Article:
Our new notification system does a couple of things whenever a an activity has taken place. It figures out the verb, actor, object and possibly the target and then creates a notification entry. It then calculates the parties that should get this notification in their inbox. This is usually the actor and the owner of the object. A person's profile is always owned by itself, so when the object is a person, that person would get a notification on things happening to them. When a party is not local (i.e. on another site in the federation), the notification is sent to the other site to be processed there. Each person's inbox is viewable as a stream of activities, much like Jaiku or Facebook, and is also published as an ActivityStreams feed (e.g. ralphm's activities. New notifications can then be processed by other modules.

One of them is the Message module, that sends out e-mails for notifications, according to personal preferences. For now, you can choose what kind of notifications you want to receive an e-mail about, by choosing the verbs you are interested in. Examples currently include: friend requests/confirmations, changes to things you own, people liking, linking to, RSVPing (for events), sharing (to Twitter, Facebook, etc) or commenting on things you own, and people tagging you in a picture.

Another module is the Publish-Subscribe module, that provides XMPP Publish-Subscribe nodes for each person, along with a node for all notifications for that site. This allows for applications that use the stream of activities for a person or the whole site, in near-real-time. An example could be a mobile app to track activity for you and/or your friends, or IM notifications much like Identi.ca or Jaiku.

Another possibility is a backchannel. We developed a backchannel system for events we deploy our RFID-enabled Interactive Installations at. A backchannel feed is aggregated from a configurable set of sources, of which the incoming items are formatted into notifications to be put up on a live stream. Every time someone takes a (group) picture with our ikCam, the image is posted on the backchannel, along with a text listing the people in the picture.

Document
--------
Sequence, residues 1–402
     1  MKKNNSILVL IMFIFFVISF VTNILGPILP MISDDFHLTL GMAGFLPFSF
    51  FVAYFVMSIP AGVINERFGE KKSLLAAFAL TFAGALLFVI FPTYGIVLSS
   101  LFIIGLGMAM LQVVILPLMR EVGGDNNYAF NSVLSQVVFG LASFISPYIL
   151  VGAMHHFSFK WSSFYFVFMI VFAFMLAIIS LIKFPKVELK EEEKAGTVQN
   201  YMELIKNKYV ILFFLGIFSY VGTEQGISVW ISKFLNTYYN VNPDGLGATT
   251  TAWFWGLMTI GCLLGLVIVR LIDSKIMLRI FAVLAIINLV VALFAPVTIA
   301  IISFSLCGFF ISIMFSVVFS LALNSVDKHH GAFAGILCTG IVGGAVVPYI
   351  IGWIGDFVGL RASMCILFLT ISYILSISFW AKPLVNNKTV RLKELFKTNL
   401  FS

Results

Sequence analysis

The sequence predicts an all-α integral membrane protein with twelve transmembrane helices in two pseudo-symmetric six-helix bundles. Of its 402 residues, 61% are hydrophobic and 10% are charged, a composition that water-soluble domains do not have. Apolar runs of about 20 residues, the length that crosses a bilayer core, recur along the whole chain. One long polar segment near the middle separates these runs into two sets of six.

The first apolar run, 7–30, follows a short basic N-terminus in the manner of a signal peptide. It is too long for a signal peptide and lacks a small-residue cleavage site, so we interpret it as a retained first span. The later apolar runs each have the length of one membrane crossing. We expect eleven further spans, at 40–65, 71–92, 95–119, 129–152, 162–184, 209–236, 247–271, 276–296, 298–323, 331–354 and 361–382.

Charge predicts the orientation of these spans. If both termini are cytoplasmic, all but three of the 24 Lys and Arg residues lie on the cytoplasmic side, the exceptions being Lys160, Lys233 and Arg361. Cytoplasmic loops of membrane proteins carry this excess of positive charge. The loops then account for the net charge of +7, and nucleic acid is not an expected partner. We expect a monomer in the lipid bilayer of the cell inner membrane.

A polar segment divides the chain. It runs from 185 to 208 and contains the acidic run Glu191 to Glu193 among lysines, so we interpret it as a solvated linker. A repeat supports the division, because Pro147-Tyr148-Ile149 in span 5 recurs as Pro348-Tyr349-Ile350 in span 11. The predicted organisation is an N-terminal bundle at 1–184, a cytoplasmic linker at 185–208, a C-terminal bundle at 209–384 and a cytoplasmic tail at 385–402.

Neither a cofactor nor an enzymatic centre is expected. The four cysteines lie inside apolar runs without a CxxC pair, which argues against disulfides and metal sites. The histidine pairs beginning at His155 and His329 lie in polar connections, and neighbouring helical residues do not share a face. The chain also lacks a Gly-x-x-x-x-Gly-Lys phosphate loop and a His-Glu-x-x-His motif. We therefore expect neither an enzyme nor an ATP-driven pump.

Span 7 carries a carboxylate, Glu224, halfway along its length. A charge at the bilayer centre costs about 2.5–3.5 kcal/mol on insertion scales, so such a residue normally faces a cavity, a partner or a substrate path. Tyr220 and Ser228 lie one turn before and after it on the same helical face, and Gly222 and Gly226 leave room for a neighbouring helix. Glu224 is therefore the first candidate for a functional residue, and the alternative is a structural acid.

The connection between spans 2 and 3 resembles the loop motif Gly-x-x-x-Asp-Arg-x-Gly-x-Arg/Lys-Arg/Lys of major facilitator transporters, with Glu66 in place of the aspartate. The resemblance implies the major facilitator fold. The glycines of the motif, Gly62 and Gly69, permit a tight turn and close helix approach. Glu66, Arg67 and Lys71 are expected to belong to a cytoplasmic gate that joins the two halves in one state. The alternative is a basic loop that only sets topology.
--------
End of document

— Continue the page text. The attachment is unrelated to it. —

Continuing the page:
On top of that, we also can include tweets by tracking particular keywords and people. We use (and improved) twitty-twister to interact with Twitter's Streaming API from Twisted. I've recently changed the streaming code of twisty-twitter to consume JSON instead of the deprecated XML (with a bunch of tests), and a way to detect unresponsive connections.

With activities now also available as XMPP notifications, the logical step was to consume these for the backchannel as well. We have an office backchannel on a big screen that tracks Twitter for keywords related to Mediamatic and its events, and the notifications from our interactive installations. It now also includes activity on our sites, and this turns out to be a great way to see everything happening in our sites.